Ok, this has been a long time coming, but recently I have received several requests and emails to give myself a profile, well I have one on there, which is a "LinkedIn" professional account, but now for something completely different, to quote an old saying from Monty Python!

The name "Medical Quack" for this blog took some real thought along the line, so let me explain a bit.  First of all this is a medical blog, so I thought medical had to be in there somewhere along the line, so thus the first name.  Now for the second part, I am not a clinician so I have to be somewhat considered a "quack" of sorts, as my background is from the technology side of things, software, servers, etc. helping the medical community get their data together as I say.  So how else does image "quack" fit in there?  My real last name is Duck, so that pretty well sums it up, the basis for naming this blog.  The mystery has been solved. 

When you go through life with the last name of Duck, it's not always easy at times.  I have heard every duck joke there is at least 100 times, but I love all of them.  You also find other individuals with names from the "critter" variety.  I have a good friend in the pharmaceutical business with a "critter" type last name and let's just say this, folks always ask us if we both support the college teams from Oregon, so enough said there and you can read between the lines to figure that one out.

I have not been a life time healthcare individual, rather I spent over 20 years in outside sales with Fortune 500 companies before making the jump.  Sometimes it's necessary to re-invent oneself, but now that I know how difficult it can be, I might have had second thoughts, but the deal is done now, so healthcare is stuck with the Quack. image

Around 10 years ago I learned how to program and write code and worked with a local family physician to create an electronic medical records system, as we could not find one that would fit the "bill" (duck humor).  That was also back when things in software were much more primitive and simple.  It was not a simple job though as it started out with one module and one back end and grew to 4 front ends and 2 back ends for the entire process, thus it was a good learning experience in not only learning how to write code, but also the overall education in healthcare for me that took place during that time.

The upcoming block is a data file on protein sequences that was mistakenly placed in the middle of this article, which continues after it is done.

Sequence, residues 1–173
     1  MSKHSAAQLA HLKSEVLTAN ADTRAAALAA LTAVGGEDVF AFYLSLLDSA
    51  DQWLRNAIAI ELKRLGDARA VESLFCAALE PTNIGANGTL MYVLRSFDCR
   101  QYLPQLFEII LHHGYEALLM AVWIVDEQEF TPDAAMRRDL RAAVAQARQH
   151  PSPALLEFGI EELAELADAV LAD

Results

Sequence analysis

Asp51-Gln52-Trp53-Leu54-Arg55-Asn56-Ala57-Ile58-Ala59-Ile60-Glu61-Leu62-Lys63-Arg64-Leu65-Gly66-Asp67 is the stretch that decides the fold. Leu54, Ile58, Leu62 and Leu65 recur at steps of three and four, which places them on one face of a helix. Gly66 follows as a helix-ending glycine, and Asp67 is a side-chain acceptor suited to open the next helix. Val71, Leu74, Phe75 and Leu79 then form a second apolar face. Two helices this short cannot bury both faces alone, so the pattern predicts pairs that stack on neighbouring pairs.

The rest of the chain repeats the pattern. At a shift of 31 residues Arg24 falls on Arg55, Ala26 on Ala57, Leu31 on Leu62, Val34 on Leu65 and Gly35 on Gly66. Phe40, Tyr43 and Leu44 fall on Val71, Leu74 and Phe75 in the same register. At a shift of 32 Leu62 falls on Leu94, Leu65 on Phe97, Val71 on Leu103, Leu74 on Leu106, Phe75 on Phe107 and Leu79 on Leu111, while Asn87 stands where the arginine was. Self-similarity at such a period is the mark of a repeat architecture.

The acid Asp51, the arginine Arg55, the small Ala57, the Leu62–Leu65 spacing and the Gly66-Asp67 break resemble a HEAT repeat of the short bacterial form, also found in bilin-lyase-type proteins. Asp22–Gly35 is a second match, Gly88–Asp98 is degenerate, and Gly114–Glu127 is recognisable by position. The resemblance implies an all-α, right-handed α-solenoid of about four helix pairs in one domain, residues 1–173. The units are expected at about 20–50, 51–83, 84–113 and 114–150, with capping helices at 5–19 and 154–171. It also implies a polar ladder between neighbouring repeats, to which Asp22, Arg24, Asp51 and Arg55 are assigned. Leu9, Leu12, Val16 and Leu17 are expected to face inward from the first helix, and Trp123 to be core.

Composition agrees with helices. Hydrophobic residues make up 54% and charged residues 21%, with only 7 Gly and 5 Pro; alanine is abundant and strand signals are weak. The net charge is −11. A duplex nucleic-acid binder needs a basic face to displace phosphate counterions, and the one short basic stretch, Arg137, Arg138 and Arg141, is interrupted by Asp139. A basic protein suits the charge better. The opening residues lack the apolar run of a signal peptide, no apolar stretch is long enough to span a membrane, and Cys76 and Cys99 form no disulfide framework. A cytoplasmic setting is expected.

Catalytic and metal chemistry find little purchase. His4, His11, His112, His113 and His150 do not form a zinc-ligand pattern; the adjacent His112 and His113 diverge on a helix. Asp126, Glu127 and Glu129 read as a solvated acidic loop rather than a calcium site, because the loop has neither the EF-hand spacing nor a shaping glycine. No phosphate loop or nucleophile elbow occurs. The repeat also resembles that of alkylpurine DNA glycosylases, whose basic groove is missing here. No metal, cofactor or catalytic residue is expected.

The process was interesting, as we had some knock down drag outs over the creation of the program between the doctor and myself, but it all eventually would come together.  He would want things to happen that perhaps I couldn't do, or was not educated enough to provide yet, and on the other hand I would create something that I thought was a "killer" function, and yet when he went to put it in to action, if failed miserably!  Moral of that story was what looks good to the programmer is not always good for the end user and I learned that one pretty quickly, but it also educated myself in the fact that it is really teamwork that has to drive any healthcare software applications.  Sometimes though I did have some good ideas that I presented 2-3 times though and then finally the cave in was on the other side, but again, working together with both creative processes from each side was the trick.

Shifting gears for anyone in technology is something to address or at least it was and still is for me.  You almost have to figure out which hat you are wearing for the day.  In other words, at the beta office I would never install and train on the same day, especially when trying to add some new functionality to the system, as when in deep thought I could easily bite someone's head off with an interruption or someone just wanting a short chat, as an interruption could cause me to knock the whole system down, and nobody wanted that, so we would all know what hat I had on for the day. image

Now this also goes back before everything was so highly integrated as we have today, so everything was on one enclosed system within the office.  As technology has grown today, there is no way one small person can write, develop, sell and maintain multiple systems for MDs, it takes a teamwork effort of developers, thus it was time for me to change directions a bit and focus on consulting, for those companies who have the teams of developers that create the systems we used today, but the growth period and learning process of the past helps me in everything I do today.

I still stay current with Microsoft Technologies in particular since I am what I call a "micro" partner and have been since shortly after they started the program.  There is no way possible that I can digest everything that comes down the line from them, but I do my best to stay current, and that involves attending some Visual Studio conferences, even though I do not still currently write, but I can keep up on the coding and development process that way to better serve clients with information technologies.  Once in a while just to make sure I have a good enough understanding of processes I'll maybe kick out a little sample project, like I did a very simple Silverlight application that will never see the light of day, but just for my own education knowledge. image